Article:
3365 India Street, Mission Hills
In 1943, while traveling by train along the German-occupied French Mediterranean coast, showman Charles Trenet scrawled the lyrics to a love song on a piece of toilet paper. Three years later, “La Mer” (“Beyond the Sea”) would become an instant hit upon release and to this day remains a chanson classic.
A year after the song first aired, in 1947, a newlywed pilot named Marian Prophett was given the space adjacent to her husband’s vending-machine shop on India Street to convert into a bar for her aviator friends. She called it the Aero Club.
Today, over 60 years later, the liquor racks at the Middletown dive are inscribed with the same name, interspersed with the enigmatic “La Mer.”
“I like everything European,” says eight-year-owner Bill Lutzius. “So, I put it in because every bar needs a little mystery.”
Now, you can cue up the track on Aero’s jukebox, choose a pour from over 600 whiskeys, and be transported back to the bar’s beginning — when I-5 was only a glimmer in Eisenhower’s eye and the Aero Club was one of the only buildings on the block.
But European mystique and old-time aviation aren’t the only moods informing the bar’s at-home aesthetic.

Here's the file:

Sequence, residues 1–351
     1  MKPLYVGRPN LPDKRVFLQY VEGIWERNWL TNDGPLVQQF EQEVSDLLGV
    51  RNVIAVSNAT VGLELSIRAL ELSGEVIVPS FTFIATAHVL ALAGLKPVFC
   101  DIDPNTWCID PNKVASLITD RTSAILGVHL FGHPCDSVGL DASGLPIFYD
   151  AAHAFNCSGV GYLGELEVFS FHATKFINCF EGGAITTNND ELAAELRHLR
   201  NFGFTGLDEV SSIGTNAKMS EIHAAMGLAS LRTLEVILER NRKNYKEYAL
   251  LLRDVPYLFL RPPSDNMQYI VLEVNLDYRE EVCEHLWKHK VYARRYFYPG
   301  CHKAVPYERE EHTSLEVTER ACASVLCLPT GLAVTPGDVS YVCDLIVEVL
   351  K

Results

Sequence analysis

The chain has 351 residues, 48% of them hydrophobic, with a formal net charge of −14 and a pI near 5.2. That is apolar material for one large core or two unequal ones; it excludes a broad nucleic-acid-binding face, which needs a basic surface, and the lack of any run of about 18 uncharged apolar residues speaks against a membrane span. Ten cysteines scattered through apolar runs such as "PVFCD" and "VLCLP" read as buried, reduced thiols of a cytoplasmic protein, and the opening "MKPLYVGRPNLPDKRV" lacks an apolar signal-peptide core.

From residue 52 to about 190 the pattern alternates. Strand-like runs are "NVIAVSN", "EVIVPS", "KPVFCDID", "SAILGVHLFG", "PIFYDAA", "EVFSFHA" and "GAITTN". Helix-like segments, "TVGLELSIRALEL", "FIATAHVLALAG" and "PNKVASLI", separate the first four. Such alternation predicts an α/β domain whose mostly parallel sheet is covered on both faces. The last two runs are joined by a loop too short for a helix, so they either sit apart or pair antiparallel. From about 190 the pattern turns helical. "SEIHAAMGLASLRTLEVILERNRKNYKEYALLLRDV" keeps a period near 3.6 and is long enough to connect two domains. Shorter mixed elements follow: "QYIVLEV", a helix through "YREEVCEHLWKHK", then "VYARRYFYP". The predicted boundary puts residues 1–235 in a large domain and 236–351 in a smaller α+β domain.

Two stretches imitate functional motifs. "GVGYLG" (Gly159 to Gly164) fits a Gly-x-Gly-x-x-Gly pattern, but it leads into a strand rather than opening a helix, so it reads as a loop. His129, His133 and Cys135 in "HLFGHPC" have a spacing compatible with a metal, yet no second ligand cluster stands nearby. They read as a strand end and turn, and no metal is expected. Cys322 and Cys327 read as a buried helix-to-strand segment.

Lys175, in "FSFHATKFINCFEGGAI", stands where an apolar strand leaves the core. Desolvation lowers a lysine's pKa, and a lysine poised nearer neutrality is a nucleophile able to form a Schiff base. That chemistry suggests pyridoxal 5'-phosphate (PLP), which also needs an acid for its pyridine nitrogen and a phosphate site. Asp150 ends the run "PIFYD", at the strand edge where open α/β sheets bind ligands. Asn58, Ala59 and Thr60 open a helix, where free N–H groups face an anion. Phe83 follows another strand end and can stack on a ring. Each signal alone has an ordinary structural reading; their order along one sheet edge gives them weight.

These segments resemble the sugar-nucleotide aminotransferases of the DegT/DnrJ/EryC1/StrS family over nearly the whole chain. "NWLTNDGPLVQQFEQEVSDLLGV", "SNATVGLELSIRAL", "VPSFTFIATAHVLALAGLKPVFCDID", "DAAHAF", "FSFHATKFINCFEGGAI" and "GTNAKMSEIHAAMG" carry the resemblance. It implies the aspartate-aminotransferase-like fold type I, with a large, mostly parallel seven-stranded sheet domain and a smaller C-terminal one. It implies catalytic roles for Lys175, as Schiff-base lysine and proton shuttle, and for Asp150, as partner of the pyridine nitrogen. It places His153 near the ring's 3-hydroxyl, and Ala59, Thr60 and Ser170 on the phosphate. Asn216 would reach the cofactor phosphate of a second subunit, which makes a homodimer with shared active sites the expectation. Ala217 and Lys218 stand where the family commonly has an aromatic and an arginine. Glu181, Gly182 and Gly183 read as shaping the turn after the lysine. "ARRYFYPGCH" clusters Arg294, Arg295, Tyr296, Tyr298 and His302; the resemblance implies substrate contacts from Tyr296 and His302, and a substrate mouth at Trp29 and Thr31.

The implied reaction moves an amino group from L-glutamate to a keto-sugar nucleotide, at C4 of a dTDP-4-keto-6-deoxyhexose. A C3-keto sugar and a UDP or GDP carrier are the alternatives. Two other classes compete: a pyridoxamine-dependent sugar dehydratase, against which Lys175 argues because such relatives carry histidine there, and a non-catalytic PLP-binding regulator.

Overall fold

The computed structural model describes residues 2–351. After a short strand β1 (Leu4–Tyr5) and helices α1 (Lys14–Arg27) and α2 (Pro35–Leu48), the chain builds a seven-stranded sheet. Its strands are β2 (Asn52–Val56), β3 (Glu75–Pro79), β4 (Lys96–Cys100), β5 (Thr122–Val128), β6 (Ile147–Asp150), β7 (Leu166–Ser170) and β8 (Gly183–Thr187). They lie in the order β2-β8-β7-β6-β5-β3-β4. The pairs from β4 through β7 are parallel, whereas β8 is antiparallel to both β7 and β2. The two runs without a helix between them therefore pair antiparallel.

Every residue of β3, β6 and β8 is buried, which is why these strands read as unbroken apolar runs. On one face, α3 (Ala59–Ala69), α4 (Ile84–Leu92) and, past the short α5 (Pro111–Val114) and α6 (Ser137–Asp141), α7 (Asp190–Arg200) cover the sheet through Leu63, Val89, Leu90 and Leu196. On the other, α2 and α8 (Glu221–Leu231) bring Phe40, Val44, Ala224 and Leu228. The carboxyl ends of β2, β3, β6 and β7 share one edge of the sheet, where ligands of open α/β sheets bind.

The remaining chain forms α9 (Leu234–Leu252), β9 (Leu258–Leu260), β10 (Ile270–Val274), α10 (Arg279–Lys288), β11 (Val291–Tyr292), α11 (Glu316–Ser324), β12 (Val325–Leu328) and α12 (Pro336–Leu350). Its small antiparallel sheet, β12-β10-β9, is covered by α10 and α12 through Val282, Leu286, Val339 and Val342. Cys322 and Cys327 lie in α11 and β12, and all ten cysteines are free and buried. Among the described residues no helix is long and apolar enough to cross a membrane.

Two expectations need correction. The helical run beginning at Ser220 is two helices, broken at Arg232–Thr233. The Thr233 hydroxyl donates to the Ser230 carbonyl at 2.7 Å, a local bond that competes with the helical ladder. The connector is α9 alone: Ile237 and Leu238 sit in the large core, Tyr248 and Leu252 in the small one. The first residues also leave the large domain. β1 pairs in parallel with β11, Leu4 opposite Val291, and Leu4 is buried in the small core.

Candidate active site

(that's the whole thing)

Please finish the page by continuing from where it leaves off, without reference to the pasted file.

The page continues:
“When I grew up in Brooklyn 30 years ago or more, the drinking age was 18, and they let you in the bar when you were 13,” says Lutzius. “So, when I was a little kid, I was in the locals’ bars like this, and they were always really friendly. It was real community.”
Accordingly, the bar is home to a consistent crowd taking refuge from the heat, talking over craft cocktails, and drinking pints from Aero’s 20 nitrogen taps — a classic San Diego spread of local IPAs, English imports, and rotating micros for the suds snob.
Sorted by genre and origin, the house’s spiral-bound liquor menu is a history lesson. Whiskeys from Tasmania and Japan, you say? How about apple-pie moonshine, caramel whiskey, and cherry mash bourbon?
You’ll also get an education in aeronautics from faded black-and-white photos of historic Lindbergh landings and experimental bombers soaring over East County foothills.
Aero’s tagline is “Where bartenders go for a cold beer,” but I think a day-drinking regular recently said it best: “It’s a speakeasy — not because it’s hard to find, but because just the right people know about it.”
Well, now you know.
Hours: 2 p.m.–2 a.m. daily
Credit cards: Yep